Michael J. Nelson

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Michael J. Nelson
Nelson at the 2011 San Diego Comic-Con
Born (1964-10-11) October 11, 1964 (age 58)
  • Comedian
  • writer
Notable workMystery Science Theater 3000
SpouseBridget Jones (m. 1989)

Michael John Nelson (born October 11, 1964) is an American comedian and writer, most known for his work on the television series Mystery Science Theater 3000 (MST3K). Nelson was the head writer of the series for most of the show's original eleven-year run, and spent half of that time as the on-air host, also named Mike Nelson. In addition to writing books, Nelson is currently part of the online movie riffing site RiffTrax, and was previously part of the straight-to-DVD Film Crew with fellow MST3K alumni, Bill Corbett and Kevin Murphy.

Early life[edit]

Michael John Nelson was born in the Chicago suburb of St. Charles, Illinois. His ancestry is Danish, German, and Irish.[1][2] He lived in Geneva, Illinois, until the age of twelve, when his family moved to north-western Wisconsin.[3][4] He studied theatre and music at the University of Wisconsin–River Falls, but he left before graduating and moved to the Minneapolis–Saint Paul area.[3]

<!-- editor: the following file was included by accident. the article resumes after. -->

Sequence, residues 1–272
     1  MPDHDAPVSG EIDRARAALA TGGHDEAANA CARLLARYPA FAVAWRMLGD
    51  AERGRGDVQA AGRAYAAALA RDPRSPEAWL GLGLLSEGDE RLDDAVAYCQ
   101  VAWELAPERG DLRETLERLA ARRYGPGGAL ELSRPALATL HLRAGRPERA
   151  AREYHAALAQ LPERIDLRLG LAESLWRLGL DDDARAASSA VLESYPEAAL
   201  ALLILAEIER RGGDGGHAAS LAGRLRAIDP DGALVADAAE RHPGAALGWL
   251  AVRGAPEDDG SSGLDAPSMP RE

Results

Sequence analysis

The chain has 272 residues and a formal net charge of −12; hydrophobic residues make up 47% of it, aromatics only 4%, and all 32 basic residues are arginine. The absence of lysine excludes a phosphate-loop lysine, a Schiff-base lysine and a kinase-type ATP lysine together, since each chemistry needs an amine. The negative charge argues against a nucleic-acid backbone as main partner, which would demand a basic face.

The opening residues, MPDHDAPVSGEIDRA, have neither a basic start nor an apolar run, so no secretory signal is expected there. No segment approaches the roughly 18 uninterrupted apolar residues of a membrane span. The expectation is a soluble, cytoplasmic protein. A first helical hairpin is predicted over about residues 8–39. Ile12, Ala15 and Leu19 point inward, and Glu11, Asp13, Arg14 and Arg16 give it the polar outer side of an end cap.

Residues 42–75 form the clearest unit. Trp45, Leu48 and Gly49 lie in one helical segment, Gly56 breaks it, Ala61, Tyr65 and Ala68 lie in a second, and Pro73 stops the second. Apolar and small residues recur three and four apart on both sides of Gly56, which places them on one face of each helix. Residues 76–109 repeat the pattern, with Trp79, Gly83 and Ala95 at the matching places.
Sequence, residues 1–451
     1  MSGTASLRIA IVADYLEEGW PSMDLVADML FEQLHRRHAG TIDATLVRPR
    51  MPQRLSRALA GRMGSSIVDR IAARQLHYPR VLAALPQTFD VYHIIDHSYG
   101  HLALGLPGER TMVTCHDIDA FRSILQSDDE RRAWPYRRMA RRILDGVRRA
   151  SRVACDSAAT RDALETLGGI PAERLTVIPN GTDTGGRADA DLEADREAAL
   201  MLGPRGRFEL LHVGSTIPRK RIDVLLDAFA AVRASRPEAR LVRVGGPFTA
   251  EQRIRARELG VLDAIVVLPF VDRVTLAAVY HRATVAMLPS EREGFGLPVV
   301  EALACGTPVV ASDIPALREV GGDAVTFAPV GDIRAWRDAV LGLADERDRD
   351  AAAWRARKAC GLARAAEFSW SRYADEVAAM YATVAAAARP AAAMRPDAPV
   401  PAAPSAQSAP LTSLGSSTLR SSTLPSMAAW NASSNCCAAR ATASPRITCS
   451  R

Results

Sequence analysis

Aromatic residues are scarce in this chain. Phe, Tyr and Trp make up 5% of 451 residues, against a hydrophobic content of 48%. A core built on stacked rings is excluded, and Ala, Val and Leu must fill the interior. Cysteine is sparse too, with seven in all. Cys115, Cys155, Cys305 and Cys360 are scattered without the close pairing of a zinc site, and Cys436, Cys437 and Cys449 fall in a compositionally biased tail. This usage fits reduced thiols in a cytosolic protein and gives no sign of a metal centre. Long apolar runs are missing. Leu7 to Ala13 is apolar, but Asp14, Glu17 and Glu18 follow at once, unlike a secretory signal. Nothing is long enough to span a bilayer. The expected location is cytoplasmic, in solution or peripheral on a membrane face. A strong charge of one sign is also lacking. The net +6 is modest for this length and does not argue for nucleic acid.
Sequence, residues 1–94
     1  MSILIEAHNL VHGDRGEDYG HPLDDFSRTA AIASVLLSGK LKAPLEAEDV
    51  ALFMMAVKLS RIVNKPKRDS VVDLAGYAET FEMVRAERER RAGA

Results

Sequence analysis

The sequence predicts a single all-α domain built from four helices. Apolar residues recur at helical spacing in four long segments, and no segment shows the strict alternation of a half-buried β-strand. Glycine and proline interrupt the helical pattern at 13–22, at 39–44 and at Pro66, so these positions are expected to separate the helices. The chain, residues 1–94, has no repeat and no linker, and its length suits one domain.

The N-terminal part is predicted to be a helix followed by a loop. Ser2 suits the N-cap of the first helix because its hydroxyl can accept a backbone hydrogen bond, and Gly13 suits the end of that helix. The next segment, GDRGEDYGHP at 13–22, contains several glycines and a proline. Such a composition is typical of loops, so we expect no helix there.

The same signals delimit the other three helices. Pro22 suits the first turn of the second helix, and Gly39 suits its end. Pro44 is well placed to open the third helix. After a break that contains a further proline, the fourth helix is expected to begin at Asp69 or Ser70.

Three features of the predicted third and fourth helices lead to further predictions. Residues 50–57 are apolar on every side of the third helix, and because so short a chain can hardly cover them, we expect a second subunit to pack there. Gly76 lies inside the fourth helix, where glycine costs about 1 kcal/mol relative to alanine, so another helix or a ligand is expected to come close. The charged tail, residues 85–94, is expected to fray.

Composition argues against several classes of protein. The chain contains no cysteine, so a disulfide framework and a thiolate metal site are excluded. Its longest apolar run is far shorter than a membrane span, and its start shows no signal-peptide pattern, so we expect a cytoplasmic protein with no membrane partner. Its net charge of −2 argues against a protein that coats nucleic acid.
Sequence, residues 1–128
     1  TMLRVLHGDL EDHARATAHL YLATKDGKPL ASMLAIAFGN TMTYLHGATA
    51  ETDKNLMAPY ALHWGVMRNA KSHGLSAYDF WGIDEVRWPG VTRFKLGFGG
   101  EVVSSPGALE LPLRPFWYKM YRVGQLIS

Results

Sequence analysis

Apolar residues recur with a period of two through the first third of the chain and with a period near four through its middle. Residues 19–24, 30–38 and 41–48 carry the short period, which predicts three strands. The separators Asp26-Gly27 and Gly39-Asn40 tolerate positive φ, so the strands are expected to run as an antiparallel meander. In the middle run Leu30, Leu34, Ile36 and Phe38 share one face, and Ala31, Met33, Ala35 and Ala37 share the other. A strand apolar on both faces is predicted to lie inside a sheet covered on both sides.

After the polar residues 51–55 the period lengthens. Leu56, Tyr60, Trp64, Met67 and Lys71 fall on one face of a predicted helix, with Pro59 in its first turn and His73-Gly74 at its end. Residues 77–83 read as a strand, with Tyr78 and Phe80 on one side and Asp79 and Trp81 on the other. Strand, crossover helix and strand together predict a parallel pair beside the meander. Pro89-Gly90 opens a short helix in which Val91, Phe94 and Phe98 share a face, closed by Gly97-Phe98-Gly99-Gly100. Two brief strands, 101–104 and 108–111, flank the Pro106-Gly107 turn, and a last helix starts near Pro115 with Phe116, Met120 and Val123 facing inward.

Mystery Science Theater 3000[edit]

Nelson was working as a waiter at T.G.I. Friday's and doing occasional stand-up comedy when he was offered a job on Mystery Science Theater 3000, typing the suggestions in the writing room. The writers told him to feel free to make some comments on the movies they were watching, and Nelson impressed them so much with his wit and comedic timing that they made him a staff writer, and, later, head writer. Nelson also appeared frequently in the show's host segments, often playing characters from the movies being mocked such as Torgo from the infamous Manos - The Hands of Fate.

When series creator and host Joel Hodgson decided to leave the show halfway through the fifth season, he chose Nelson as his replacement, reportedly because he thought Nelson was a natural leader, a gifted comedian, and a gifted muse, and also because Nelson simply looked good standing next to the show's puppets.[citation needed] Nelson remained in the host role for another five and a half seasons (surviving the show's switching networks from Comedy Central to the Sci-Fi Channel) until the original show's final Sci-Fi Channel episode aired in 1999.